14

I have simple program like this:

public class Foo
{
    public Foo()
    {
    }
    public int MyInt { get; set; } = 10;
    public List<int> MyList { get; set; } = new List<int>();
}

public class Program
{
    static public void Main()
    {
        Console.WriteLine(new Foo().MyInt);
        Console.ReadLine();
    }
}

I decided to see the CIL code of such program (I am interested in Foo's constructor). Here is it:

.method public hidebysig specialname rtspecialname
        instance void  .ctor() cil managed
{
    // Code size       26 (0x1a)
    .maxstack  8
    IL_0000:  ldarg.0
    IL_0001:  ldc.i4.s   10
    IL_0003:  stfld      int32 Foo::'<MyInt>k__BackingField'
    IL_0008:  ldarg.0
    IL_0009:  newobj     instance void class [mscorlib]System.Collections.Generic.List`1<int32>::.ctor()
    IL_000e:  stfld      class [mscorlib]System.Collections.Generic.List`1<int32> Foo::'<MyList>k__BackingField'
    IL_0013:  ldarg.0
    IL_0014:  call       instance void [mscorlib]System.Object::.ctor()
    IL_0019:  ret
} // end of method Foo::.ctor

I wondered, when I saw the second line, ldarg.0, what does it mean? this pointer? But the object was not created yet. How can I modify its members? My assumption is that before calling constructor, clr first allocates memory for the object. Then initializes members to default values, and then invokes the constructor. Another interesting moment that the object calling is last. I thought that it would be first.

2
  • 6
    Your guess is correct. arg0 is this. Note that this is the case for all instance methods, the constructor is not special in this sense. The exact process is described in the newobj opcode docs, which is used to allocate and then initialize the object via the constructor. Feb 8, 2017 at 8:22
  • @mikez, Excellent link! It is what I need Feb 8, 2017 at 8:31

3 Answers 3

10

Field initializers are a C# feature, not a CLR one. When you write a field initializer, the C# compiler has to put the code to implement that somewhere, and where it puts it is inside the body of any constructors.

And since these initializers are run "before" the constructor, that's why the actual base-class constructor is run later.

(And so, yes, the first parameter is as you inferred, this)

4
  • I hope by "initializers" you refer to the fields being intialized before any ctor-call. In contrast to this object-initializers run after the constructor as far as I know. Feb 8, 2017 at 8:25
  • @HimBromBeere - I'd hoped it was clear from the first para that I was referring to field initializers which is a well-defined term in C#. I've slightly modified the second para to make it clear I'm still referring to field initializers. Feb 8, 2017 at 8:40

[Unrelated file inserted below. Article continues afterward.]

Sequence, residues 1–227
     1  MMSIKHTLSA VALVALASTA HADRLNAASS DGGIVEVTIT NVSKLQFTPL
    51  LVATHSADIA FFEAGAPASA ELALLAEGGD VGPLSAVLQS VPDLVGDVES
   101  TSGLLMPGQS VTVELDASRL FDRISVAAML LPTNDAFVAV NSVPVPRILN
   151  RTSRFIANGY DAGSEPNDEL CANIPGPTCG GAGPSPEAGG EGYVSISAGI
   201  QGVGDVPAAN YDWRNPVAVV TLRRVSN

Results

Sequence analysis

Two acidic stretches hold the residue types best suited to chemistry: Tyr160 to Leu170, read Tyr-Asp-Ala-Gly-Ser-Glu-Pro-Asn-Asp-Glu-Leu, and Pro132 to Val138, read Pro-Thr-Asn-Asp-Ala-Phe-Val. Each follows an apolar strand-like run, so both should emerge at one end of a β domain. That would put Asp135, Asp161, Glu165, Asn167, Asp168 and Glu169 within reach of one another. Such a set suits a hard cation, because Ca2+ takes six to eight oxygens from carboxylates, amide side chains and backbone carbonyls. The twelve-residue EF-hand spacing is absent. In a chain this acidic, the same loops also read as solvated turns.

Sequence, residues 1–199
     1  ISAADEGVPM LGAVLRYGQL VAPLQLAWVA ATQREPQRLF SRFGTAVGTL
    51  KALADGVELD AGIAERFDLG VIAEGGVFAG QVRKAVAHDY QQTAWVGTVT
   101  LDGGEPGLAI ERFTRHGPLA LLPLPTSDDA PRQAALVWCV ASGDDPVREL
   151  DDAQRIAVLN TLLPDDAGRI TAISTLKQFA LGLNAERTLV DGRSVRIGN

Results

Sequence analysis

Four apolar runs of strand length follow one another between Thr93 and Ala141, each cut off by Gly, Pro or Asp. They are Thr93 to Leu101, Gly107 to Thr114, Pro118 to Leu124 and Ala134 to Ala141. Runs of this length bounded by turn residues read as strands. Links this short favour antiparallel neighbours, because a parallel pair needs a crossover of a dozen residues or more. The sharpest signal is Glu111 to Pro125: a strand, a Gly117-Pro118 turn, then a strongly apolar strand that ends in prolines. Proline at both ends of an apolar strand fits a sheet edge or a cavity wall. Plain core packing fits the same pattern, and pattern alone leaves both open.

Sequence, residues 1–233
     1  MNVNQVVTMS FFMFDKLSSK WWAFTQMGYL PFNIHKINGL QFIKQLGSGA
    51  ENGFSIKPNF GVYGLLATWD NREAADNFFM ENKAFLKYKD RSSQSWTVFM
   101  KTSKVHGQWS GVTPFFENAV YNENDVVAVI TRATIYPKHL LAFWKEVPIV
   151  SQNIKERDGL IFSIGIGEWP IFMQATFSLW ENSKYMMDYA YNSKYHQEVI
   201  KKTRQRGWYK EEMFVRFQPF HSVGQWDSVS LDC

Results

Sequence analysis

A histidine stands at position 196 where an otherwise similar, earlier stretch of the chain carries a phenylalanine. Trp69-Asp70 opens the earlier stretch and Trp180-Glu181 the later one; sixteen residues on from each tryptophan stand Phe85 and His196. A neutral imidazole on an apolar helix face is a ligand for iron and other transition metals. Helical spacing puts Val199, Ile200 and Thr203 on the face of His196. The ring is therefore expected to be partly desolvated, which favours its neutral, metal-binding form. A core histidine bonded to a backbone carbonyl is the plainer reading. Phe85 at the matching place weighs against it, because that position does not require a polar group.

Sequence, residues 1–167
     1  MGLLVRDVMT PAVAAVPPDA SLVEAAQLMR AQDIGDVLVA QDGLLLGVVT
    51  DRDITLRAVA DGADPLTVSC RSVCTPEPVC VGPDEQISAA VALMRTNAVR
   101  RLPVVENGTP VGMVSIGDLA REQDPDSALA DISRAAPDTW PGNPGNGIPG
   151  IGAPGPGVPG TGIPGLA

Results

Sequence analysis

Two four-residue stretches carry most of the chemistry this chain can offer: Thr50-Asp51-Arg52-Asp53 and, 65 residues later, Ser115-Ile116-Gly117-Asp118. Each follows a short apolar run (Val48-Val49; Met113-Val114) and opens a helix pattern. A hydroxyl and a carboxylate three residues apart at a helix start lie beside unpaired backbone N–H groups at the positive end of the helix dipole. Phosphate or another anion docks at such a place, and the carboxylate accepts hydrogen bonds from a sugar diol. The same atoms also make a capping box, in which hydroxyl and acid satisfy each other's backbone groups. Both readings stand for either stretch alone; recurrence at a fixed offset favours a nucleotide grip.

• Another interesting thought that why initializations was put before calling invoking base class constructor. Maybe because of possible invoking virtual methods from base class constructor (which can actually work with data of derived class) Feb 8, 2017 at 8:42
  • 1
    @LmTinyToon - I think you have to pick some order between field initializers, base-class constructor and instance constructor. And since instance constructor and base-class constructor are both described at the same "place", it's less thinking that those two are more closely tied together. (For the scenario where your instance constructor is Foo() : base(something)) Feb 8, 2017 at 8:51
3

Although the object is not 'created' in the strictest sense before the constructor call, there must be some memory allocated for it. I don't know the details, but I would guess that all instance methods of a class have an implicit first parameter, which is this; this would also be true for the constructor, as it needs to reference the object instance like any other instance method.

1
  • A better way to put it is that the object is not done being created. All the base class constructors have already been run, all the memory required by the object is already allocated (including any derived classes, for which the constructor didn't even run yet). This is one of the reasons that constructors should do as little work as possible - the object is half-constructed, and leaking it in any way can give you huge headaches (what happens when you call a virtual method on an object that didn't have its constructor execute yet? Fun :P).
    – Luaan
    Feb 8, 2017 at 10:47
3

http://www.philosophicalgeek.com/2014/09/29/digging-into-net-object-allocation-fundamentals/

According to the above article, the CLR allocates memory first before calling into the constructor, the same way object construction happens in C++.

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